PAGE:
The Univeristy of Melbourne The Royal Melbourne Hopspital

A joint venture between The University of Melbourne and The Royal Melbourne Hospital

About | Governance

The Doherty Council

The Doherty Institute is governed by the Doherty Council, which comprises of senior level executives from the University of Melbourne and the Royal Melbourne Hospital and the Director of the Institute.

The Doherty Council

Professor Sharon Lewin - Director

Leading infectious diseases expert Professor Sharon Lewin is the inaugural Director of the Doherty Institute. Sharon is also a Professor of Medicine at The University of Melbourne and a National Health and Medical Research Council (NHMRC) Practitioner Fellow. As an infectious diseases physician and basic scientist, her laboratory focuses on basic, translational and clinical research aimed at finding a cure for HIV and understanding the interaction between HIV and hepatitis B virus. She has published over 260 publications and is funded by the NHMRC, the National Institutes of Health, The Wellcome Trust, the American Foundation for AIDS Research and multiple commercial partnerships. Sharon was local co-chair for the International AIDS Conference held in Melbourne in 2014. She is chair of the Ministerial Advisory Committee for Blood Borne Viruses and Sexually Transmitted Infections, the peak advisory committee to the Federal Minister for Health; a member of the NHMRC Council; an elected member of the Governing Council of the International AIDS Society representing the Asia-Pacific region; and was a foundation council member of the Australian Academy for Health and Medical Research. She was named Melburnian of the Year in 2014, and in 2015, was awarded the Peter Wills Medal by Research Australia.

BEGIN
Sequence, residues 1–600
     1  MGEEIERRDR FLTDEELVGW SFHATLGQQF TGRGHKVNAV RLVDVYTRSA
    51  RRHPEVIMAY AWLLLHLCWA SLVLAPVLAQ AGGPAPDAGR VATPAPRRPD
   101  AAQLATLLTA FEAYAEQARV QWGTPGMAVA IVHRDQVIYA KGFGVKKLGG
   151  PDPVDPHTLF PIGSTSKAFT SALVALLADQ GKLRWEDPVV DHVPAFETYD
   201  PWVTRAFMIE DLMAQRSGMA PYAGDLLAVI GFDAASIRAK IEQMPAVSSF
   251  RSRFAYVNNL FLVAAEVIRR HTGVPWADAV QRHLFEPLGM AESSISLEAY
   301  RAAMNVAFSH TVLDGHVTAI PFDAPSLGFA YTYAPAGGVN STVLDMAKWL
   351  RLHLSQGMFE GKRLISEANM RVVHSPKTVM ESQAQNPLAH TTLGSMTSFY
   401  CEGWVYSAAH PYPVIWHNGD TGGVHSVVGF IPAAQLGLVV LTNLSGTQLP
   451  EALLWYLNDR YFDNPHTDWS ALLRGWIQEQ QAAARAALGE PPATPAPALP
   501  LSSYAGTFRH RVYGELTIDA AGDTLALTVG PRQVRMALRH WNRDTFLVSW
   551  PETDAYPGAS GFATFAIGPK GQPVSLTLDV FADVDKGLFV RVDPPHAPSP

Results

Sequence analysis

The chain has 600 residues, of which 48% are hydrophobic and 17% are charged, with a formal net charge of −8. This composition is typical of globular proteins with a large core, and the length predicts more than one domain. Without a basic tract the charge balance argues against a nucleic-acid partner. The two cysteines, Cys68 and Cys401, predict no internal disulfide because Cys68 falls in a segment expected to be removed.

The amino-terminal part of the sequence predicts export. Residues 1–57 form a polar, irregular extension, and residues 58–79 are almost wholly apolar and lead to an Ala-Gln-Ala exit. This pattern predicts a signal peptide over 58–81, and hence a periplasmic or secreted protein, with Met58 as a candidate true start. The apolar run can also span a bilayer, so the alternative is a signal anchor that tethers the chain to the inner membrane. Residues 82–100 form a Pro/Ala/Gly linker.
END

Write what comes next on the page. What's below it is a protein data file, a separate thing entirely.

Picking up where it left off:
Sharon Lewin

Professor Shitij Kapur – Dean of the Faculty of Medicine, Dentistry and Health Sciences, University of Melbourne

Professor Shitij Kapur’s main research interest is in understanding Schizophrenia and its treatment. He has used brain imaging, animals models and clinical studies which have led to a better understanding of antipsychotic action, its relationship to brain dopamine receptor blockade, the role of appropriate dosing of these drugs and has led to the development of the ‘salience’ framework of psychosis and the ‘early onset’ hypothesis if antipsychotic action. Shitij has published 300 peer-reviewed papers, his work has received over 25,000 citations as he has made numerous presentations worldwide. He serves in advisory capacity to public charities and pharmaceutical companies and has received national and international awards including the AE Bennett Award of the Society for Biological Psychiatry, Paul Janssen Award of the CINP. He is a Distinguished Fellow of the American Psychiatric Association and the Fellow of the Academy of Medical Sciences, UK, and Fellow of King’s College London, UK. He led NEWMEDS, an EU-wide Innovative Medicines Initiative and currently leads STRATA, a UK-wide program to enhance stratified medicine strategies in psychiatry.

Shitij Kapur

Professor James McCluskey – Deputy Vice-Chancellor (Research), University of Melbourne